August 17, 2016
As forecast, we had strong wind this morning along with big swells on the ocean, and mostly clear skies. A small craft advisory is in effect and early on, we didn’t see any boats at all out on the water although we would see some
later in the day. Lots of flies have made their way into the house through cracks in the windows and doors and small tears in the screen leading Patty and me to carry fly-swatters around with us. The flies are even worse outside but we’re hopeful that the strong winds today will drive them away – they were not a bother at all this summer until just a few days ago.
After breakfast (fruit), Patty went into the other side of the duplex to clean the Guest Quarters, Museum, and Gift Shop while I went down the hill to mow. Patty came down the hill while I was still down there to drop some things off in the Engine House that we’ll take ashore
tomorrow and also to get a few gallons of water to bring up to the house. Before heading back up the hill, she walked the Cove and Cobblestone Trails to pick berries and harvested a good sized paper bags’ worth. While cutting the grass near the Engine House, I kept having to dodge snakes, or they were dodging me, so I wouldn’t run them over with the mower.
Back up at the house, as Patty made lunch I vacuumed our side of the house. We had a big salad with garden greens and the rest of the mackerel fish we had on top of the salad. Around lunchtime, the sky filled with thick dark clouds and the winds increased but without a consistent direction. Our weather station showed the wind switching all around the compass and the flag showed the same by getting itself wrapped around the pole. In spite of that and big swells still rolling past the island, we were starting to see boats out on the water including one lobster boat pulling pots just off our eastern shore.
After lunch, I went back down the hill to fix the oarlock in our dinghy Hinckley and Patty worked in the Whistle House painting the rest of the milepost signs we plan to put up. We’re going to leave room for future caretakers to add their own places if the milepost makes it through the winter and is still standing next summer and beyond. When she finished painting, she went berry pickin’ again, all the way out the North Trail where the flies waited to attack until she got to the end and then harassed her all the way back to the trailhead.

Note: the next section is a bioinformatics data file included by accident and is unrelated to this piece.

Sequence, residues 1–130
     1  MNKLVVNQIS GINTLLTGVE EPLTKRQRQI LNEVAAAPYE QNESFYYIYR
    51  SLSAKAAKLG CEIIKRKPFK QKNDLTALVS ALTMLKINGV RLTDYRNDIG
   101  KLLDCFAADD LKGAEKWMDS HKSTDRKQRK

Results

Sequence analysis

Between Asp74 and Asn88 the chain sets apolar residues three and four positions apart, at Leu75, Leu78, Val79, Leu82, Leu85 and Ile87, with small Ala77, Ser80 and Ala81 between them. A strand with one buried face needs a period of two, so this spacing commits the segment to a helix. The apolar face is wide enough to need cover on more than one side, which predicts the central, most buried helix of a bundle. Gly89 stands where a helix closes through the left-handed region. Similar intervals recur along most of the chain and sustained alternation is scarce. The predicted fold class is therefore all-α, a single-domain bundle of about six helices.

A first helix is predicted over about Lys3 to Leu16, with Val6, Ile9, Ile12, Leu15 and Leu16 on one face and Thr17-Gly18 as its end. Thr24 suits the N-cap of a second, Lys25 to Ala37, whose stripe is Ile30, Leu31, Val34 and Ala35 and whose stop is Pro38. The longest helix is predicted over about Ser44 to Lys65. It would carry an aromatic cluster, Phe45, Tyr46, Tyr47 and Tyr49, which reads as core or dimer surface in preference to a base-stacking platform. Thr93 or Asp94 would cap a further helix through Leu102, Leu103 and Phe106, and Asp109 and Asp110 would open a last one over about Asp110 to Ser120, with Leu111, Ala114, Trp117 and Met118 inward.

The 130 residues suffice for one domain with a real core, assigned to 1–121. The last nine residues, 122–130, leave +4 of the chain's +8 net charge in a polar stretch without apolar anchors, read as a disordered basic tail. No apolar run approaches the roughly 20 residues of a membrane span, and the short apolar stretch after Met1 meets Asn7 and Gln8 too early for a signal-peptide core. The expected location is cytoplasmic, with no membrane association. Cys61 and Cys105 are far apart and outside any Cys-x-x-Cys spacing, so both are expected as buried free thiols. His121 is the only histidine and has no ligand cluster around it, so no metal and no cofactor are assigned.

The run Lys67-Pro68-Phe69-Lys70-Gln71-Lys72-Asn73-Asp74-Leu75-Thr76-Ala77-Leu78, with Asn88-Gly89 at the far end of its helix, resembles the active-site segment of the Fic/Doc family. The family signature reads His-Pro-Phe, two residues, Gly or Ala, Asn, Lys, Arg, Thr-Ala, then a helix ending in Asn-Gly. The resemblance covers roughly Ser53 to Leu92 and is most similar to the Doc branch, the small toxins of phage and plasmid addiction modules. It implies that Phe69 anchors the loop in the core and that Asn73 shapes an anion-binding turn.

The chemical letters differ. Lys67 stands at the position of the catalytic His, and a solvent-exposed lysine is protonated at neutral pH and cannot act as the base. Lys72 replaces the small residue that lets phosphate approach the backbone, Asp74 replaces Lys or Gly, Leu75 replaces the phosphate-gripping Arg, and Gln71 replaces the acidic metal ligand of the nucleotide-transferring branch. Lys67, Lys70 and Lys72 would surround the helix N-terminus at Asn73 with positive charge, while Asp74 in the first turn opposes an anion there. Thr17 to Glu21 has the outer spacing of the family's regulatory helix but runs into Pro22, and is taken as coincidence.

When I was working on the oarlock, a sailboat surprisingly came into the cove and after circling three or four times, successfully gaffed a mooring rope and tied up. Down at sea level, the wind was blowing directly into the cove creating choppy conditions on top of the swells. To me, it doesn’t look like a very comfortable place to ride out the bad weather but I guess it’s better than the wide open ocean.
Later when we were back up the hill, a Mom with her three kids came up the Lighthouse Trail. We were surprised to see them and even more surprised when she told us they boated over with her Mom & Dad in a motor boat from Boothbay. “Wasn’t it rough?” I asked. “It was bad” she said. Apparently it rocked her youngest to sleep but the rest of
them didn’t sound like they enjoyed the ride. The Mom & Dad (the kids’ grandparents) stayed down at the cove in their boat while the others came up the hill to see the museum and lighthouse. Up on the catwalk, it was really windy but really not quite as bad as expected. They told me they saw a bunch of snakes on the Lighthouse Trail when they were walking up the hill and as soon as we got down from the tower we saw one, then two, three, four, five… They were all over the lawn outside the gift-shop and museum. They must love the wet grass that we have today but have had so rarely over the summer. It was a little freaky to see so many – more than I saw earlier by Paco’s.
When the Mom and her kids went back down the hill, we decided to go down too to see how things look down there now. The sky was still dark and cloudy, getting darker actually, but the wind was dying down. We were curious to see if the sailboat was stilled moored in the cove and also to see the boat the others came in from Boothbay to Seguin. When we got down to the boathouse deck, the sailboat was still there, still rocking and rolling, and the six who came in the motor boat were searching for sea glass on the beach. They were serious about it with a five-gallon bucket and sifter, looking like prospectors hunting for gold.
The two older children setup a Wile E. Coyote looking trap with driftwood, a rock, and length of rope, baited with a whole crab they were able to snatch from a seagull when he landed and got chased by other gulls. We didn’t stay around to see them catch whatever it was they were trying to get but I suspect they’ll be as successful as Wile E. is himself.
By dinner time, the clouds had moved off the east and the sun came out. The wind died down and the swells in the ocean had noticeably diminished. We happily noticed that the flies didn’t seem as bad either. I hope that latter condition holds for the next few weeks at least.
Patty made chips with Kale from the garden and then chili with jalapeno cornbread for dinner. Afterwards, we watched a beautiful sunset that was totally unexpected given how the weather looked for most of the day.
We texted with Ethan and confirmed that we’re on for tomorrow morning at 7am, like a regular Wednesday, and Cyndy confirmed that she and some others volunteers will come out as well, also like a regular Wednesday. Except that it will be a Thursday.
Visitors – 6
Favorite Moment(s) – Watching waves in the morning and berry picking in the afternoon.
Sunrise – 5:36am
Sunset – 7:31pm
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